The confirmation of Lord Dyson as the Twelfth Justice of the UK Supreme Court means that Lady Hale will continue to be the Court’s sole female judge for the time being. 

As we have previously reported, the UK Supreme Court has received criticism for its lack of diversity (and we will soon be posting an article on judicial diversity in the UK). 

This has made us look to our friends across the pond.  Out of the 9 Justices in the US Supreme Court, two of them are women.  This time last year, Justice Ruth Ginsburg was the only female on the panel (as had been the case since the retirement of Sandra Day O’Connor, the first female Justice in the US Supreme Court, in 2006), but Barack Obama’s nomination of Sonia Sotomayor last May (the first nomination by a Democrat president since 1994), and her appointment as a Justice on August 8 2009, nudged the number of women on the panel up to two.

The appointment of Justice Sotomayor was seen as important for a number of reasons.  She is the first Hispanic Associate Justice of the US Supreme Court, and out of the 111 Justices that have been appointed in the history of the US Supreme Court, she is only the third female. 

However, critics viewed the appointment of Justice Sotomayor as one that was based on affirmative action, rather than merit.  Despite the fact that she attended two Ivy League universities, served as Assistant District Attorney in the New York County District Attorney’s, worked as an international litigator, was nominated by George H.W. Bush to the US District Court and served as a judge on the United States Court of Appeals for the Second Circuit, it seems that a lot of people did not think she deserved her nomination.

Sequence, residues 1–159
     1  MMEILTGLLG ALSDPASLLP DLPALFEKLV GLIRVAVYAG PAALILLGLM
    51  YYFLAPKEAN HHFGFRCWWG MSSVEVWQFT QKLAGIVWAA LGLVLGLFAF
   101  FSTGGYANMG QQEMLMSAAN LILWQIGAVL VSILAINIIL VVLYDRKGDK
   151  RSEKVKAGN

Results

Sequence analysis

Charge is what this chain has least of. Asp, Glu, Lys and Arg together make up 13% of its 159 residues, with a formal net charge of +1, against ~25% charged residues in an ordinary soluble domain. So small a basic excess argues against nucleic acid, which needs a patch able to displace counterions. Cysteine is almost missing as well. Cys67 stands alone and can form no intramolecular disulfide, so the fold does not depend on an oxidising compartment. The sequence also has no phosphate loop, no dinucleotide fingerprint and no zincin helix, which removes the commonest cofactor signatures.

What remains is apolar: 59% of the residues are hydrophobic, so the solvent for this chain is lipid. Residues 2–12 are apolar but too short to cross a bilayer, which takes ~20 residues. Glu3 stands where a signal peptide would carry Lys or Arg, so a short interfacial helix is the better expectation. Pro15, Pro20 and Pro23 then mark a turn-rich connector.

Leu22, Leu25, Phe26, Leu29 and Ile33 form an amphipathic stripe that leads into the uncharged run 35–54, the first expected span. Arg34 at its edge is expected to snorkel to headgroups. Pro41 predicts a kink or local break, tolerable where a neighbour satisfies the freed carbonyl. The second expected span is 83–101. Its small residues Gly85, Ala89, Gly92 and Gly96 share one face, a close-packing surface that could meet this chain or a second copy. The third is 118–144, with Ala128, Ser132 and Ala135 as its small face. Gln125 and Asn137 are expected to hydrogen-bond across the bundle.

Justice Sotomayor was accused of being an aggressive questioner (something that goes unremarked in male Justices – indeed, in an interview that appeared in the New York Times, Justice Ruth Ginsburg comments that being an aggressive questioner is nothing new, saying “has anybody watched Scalia or Breyer up on the bench?“), and criticised for a comment she once made about Latina women (in 2001, she said “I would hope that a wise Latina woman with the richness of her experiences would more often than not reach a better conclusion than a white male who hasn’t lived that life”), which was seized upon by adversaries of Obama. 

Notwithstanding the criticism that surrounded her nomination, her appointment to the Court was wholly supported by the Democrats in the Senate (she did not receive one adverse vote from a Democrat), although 31 of the 40 Republicans in the House voted against her.

So, why is it so important for women to be represented in the US Supreme Court?  In Justice Ginsburg’s opinion, it is important for women to penetrate “a man’s world“.  She says that “if you’re going to change things, you have to be with the people who hold the levers“.  It is, in her view, important for the voices of women to be heard.  She also believes that the presence of more female Justices could mean different results, saying that she thinks the presence of women on the bench made it possible for the courts to appreciate earlier than they might otherwise that sexual harassment is a violation of civil rights law. 

For now at least, the US are ahead of the UK in terms of female representation in the highest court of their land, although Justice Ginsburg comments that “attrition rate is slow in [the US Supreme Court]” (and she seems to be right, it took almost 200 years for the first woman Justice to be appointed).  Whether or not more females will be nominated (or a female Chief Justice may one day be appointed) remains to be seen, but we are told that anything is possible in the Land of Opportunity…